Communism, for lack of a better word, has somehow morphed into capitalism, at least in China, as if a genetic mutation had taken hold through mitosis. Although this is an exaggeration, it does capture an important trend that can be traced back to Deng Xiaoping (1904-1997), who “abandoned many orthodox communist doctrines and attempted to incorporate elements of the free-enterprise system into the Chinese economy” beginning in the late 1970s, according to the Encyclopedia Britannica. Decades later, upon becoming prime minister, Li Keqiang announced in 2013 that the central government would reduce the state’s role in the economy. As reported by the New York Times, the Chinese government issued a set of policy proposals to reduce “government intervention in the marketplace” and give “competition among private businesses a bigger role in investment decisions and setting prices.” According to the proposals, a tax on natural resources would be expanded, market forces would play a larger role in determining bank interest rates, and, according to the government, policies would be enacted to “promote the effective entry of private capital into finance, energy, railways, telecommunications and other spheres.” Foreign investors would be given more opportunities to invest in finance, including banking, logistics and healthcare. Foreign exchange controls would also be loosened further.
The proposals were enough for Stephen Green, an economist with Standard Chartered, to remark, “This is radical stuff, really.” Huang Yiping, chief economist at Barclays, pointed to lower growth projections and massive amounts of debt as giving the Chinese government a rather practical motive in continuing the trend of refurbishing communism. At the time of the proposals, many experts doubted, however, whether the Communist Party would “abandon the state capitalist model, break up huge, state-run oligopolies or privatize major sectors of the economy that the party considers strategic, like banking, energy and telecommunications.” Additionally, corrupt government officials would doubtlessly resist losing what the New York Times calls their “secret stakes in companies,” not to mention all the bribes.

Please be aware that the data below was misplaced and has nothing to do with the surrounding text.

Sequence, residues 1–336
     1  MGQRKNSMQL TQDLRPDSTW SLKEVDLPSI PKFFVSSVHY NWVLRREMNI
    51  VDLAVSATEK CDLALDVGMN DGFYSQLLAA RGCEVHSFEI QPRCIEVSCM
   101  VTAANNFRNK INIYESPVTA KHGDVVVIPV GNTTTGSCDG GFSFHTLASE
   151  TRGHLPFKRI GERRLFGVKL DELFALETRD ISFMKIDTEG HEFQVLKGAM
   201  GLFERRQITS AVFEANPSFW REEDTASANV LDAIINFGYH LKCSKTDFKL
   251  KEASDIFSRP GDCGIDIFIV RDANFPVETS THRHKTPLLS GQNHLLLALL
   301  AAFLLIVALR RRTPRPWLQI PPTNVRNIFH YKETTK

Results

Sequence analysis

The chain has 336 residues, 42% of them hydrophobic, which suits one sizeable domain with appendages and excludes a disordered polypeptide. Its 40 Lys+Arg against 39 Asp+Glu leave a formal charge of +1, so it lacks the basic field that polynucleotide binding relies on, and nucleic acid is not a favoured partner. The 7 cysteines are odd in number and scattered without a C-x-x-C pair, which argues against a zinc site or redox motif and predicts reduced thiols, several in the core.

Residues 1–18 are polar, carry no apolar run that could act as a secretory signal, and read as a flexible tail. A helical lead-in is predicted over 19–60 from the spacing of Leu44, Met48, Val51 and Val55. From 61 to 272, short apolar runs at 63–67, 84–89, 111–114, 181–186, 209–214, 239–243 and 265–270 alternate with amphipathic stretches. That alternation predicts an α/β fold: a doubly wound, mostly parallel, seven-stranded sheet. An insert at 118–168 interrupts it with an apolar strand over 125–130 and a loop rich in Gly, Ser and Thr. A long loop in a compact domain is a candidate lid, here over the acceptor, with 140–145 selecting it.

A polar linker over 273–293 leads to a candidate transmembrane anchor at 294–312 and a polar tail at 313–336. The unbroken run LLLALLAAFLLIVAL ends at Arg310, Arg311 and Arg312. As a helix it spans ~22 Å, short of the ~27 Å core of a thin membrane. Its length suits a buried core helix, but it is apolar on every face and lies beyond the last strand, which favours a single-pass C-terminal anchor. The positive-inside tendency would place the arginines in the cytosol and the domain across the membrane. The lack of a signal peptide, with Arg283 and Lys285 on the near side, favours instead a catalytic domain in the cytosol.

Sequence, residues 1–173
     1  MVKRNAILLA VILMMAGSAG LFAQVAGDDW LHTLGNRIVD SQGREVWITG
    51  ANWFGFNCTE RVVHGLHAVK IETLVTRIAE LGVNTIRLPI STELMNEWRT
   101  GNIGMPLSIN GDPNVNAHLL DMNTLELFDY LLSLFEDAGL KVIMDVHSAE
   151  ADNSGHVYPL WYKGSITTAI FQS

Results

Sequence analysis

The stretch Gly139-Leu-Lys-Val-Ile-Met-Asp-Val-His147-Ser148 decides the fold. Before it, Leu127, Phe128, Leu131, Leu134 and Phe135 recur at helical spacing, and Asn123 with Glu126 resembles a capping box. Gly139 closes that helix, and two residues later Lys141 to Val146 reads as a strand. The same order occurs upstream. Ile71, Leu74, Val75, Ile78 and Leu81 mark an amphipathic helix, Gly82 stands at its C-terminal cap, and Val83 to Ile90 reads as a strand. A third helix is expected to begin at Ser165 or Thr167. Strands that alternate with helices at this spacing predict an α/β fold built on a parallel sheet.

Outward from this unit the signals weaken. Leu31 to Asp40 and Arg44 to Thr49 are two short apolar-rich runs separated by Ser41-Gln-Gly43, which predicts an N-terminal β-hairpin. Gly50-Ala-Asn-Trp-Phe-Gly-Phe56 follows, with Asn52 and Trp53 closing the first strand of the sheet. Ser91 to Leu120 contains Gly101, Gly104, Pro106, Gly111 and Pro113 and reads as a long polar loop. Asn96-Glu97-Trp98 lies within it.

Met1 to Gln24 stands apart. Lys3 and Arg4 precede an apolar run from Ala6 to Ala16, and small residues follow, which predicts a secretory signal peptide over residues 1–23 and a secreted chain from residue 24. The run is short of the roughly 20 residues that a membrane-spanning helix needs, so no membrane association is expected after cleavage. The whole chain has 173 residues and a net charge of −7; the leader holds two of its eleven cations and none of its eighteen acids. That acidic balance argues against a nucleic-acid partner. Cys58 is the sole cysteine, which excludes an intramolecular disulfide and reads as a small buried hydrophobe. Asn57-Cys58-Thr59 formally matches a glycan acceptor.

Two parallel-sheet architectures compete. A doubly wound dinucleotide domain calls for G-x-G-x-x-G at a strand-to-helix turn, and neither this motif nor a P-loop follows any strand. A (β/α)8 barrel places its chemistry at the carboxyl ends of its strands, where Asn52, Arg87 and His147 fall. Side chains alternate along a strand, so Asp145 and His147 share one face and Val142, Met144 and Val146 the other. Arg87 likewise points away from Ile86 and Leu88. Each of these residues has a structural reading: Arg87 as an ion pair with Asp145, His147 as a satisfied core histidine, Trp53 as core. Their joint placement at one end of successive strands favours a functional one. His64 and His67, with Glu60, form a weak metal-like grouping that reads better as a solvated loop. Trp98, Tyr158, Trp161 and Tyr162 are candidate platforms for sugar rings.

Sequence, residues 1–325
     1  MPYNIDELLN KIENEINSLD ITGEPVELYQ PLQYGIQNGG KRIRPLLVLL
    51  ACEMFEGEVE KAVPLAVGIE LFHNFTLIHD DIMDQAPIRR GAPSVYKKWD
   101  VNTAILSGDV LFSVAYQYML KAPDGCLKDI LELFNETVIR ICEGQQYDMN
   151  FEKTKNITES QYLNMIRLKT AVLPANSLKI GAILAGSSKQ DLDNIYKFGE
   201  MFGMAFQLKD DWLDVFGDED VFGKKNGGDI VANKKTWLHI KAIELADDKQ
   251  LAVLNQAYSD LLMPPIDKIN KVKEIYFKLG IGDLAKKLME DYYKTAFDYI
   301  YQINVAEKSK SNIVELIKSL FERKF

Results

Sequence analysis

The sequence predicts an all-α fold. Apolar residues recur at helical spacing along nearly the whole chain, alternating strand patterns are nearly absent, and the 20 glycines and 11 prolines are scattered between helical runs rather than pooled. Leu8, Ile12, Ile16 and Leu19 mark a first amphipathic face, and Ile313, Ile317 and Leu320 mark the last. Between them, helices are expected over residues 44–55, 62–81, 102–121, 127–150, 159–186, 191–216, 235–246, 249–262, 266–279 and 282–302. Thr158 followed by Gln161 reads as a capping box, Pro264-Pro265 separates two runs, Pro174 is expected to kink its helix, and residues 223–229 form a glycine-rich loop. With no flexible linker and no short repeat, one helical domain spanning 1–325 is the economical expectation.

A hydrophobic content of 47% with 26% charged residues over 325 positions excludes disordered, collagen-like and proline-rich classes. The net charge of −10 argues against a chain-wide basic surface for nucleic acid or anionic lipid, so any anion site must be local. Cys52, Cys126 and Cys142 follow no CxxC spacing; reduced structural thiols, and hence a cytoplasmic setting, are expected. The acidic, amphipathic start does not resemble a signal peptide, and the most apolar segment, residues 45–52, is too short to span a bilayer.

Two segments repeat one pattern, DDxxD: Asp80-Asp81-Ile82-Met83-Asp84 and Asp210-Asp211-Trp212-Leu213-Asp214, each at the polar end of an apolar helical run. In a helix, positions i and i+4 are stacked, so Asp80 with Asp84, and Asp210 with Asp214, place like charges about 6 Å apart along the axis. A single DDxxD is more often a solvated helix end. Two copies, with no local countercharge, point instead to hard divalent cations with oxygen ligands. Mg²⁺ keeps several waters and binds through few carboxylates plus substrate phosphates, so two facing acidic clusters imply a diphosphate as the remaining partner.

Even so, it is astounding that the prime minister, a communist, would say: “If we place excessive reliance on government steering and policy leverage to stimulate growth, that will be difficult to sustain and could even produce new problems and risks. The market is the creator of social wealth and the wellspring of self-sustaining economic development.” Marx and Lenin would hardly recognize the Chinese Communist Party. Because China has over a billion people, the old “command-and-control” economic model based on centralized directives on production quotas and prices would at the very least be difficult to coordinate. The result would doubtlessly include bottlenecks in supply, and thus shortages on the shelves (as evinced in the U.S.S.R.). The sheer scale of China, an empire of former kingdoms, renders centralized control highly inefficient.
The Emperor Kangxi of the Qing Dynasty. He ruled for 60 years, greatly expanding the size of the empire. Source: Chinahighlights.com
Interestingly, even as Emperor Kangxi (1654-1722), the second emperor of the Qing Dynasty (1644-1911), expanded the empire by taking over central Asian Muslim kingdoms, he resisted the preceding Ming Dynasty’s laissez-faire policy on internal trade and industry by turning some crucial industries into monopolies. Interestingly, John D. Rockefeller would probably have concurred, based on his own theory that the coordination in a monopoly in a vital industry such as oil could put an end to destructive competition. In any case, Kangxi apparently saw no contradiction between expanding the empire and centralizing some important sectors of the economy. Similarly, Mao saw no internal tension in collectivized consolidation on a large scale.
David Barboza, “China Plans to Reduce the State’s Role in the Economy,” The New York Times, May 24, 2013.